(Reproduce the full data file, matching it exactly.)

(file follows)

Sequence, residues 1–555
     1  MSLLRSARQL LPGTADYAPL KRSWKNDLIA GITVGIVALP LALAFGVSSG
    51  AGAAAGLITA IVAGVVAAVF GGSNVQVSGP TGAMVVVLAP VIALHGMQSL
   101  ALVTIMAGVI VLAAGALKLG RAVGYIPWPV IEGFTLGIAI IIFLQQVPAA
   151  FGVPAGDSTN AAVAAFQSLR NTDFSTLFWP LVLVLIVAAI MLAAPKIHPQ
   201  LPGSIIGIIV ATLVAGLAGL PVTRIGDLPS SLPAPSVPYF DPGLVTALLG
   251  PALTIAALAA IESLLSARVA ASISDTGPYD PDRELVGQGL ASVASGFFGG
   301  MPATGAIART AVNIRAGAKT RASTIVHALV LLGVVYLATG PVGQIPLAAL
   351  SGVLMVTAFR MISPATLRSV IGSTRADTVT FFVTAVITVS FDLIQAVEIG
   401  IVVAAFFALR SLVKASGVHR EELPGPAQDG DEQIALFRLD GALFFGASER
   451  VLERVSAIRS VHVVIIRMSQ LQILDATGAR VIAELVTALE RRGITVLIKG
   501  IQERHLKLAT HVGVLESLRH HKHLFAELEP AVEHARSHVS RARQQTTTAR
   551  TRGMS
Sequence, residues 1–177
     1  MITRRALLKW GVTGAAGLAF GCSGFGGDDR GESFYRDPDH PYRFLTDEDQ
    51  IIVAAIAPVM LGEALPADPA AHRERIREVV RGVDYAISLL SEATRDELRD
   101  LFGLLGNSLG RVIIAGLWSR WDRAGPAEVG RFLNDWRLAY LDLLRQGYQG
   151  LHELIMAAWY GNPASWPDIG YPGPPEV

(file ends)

Sequence, residues 1–555
     1  MSLLRSARQL LPGTADYAPL KRSWKNDLIA GITVGIVALP LALAFGVSSG
    51  AGAAAGLITA IVAGVVAAVF GGSNVQVSGP TGAMVVVLAP VIALHGMQSL
   101  ALVTIMAGVI VLAAGALKLG RAVGYIPWPV IEGFTLGIAI IIFLQQVPAA
   151  FGVPAGDSTN AAVAAFQSLR NTDFSTLFWP LVLVLIVAAI MLAAPKIHPQ
   201  LPGSIIGIIV ATLVAGLAGL PVTRIGDLPS SLPAPSVPYF DPGLVTALLG
   251  PALTIAALAA IESLLSARVA ASISDTGPYD PDRELVGQGL ASVASGFFGG
   301  MPATGAIART AVNIRAGAKT RASTIVHALV LLGVVYLATG PVGQIPLAAL
   351  SGVLMVTAFR MISPATLRSV IGSTRADTVT FFVTAVITVS FDLIQAVEIG
   401  IVVAAFFALR SLVKASGVHR EELPGPAQDG DEQIALFRLD GALFFGASER
   451  VLERVSAIRS VHVVIIRMSQ LQILDATGAR VIAELVTALE RRGITVLIKG
   501  IQERHLKLAT HVGVLESLRH HKHLFAELEP AVEHARSHVS RARQQTTTAR
   551  TRGMS
Sequence, residues 1–177
     1  MITRRALLKW GVTGAAGLAF GCSGFGGDDR GESFYRDPDH PYRFLTDEDQ
    51  IIVAAIAPVM LGEALPADPA AHRERIREVV RGVDYAISLL SEATRDELRD
   101  LFGLLGNSLG RVIIAGLWSR WDRAGPAEVG RFLNDWRLAY LDLLRQGYQG
   151  LHELIMAAWY GNPASWPDIG YPGPPEV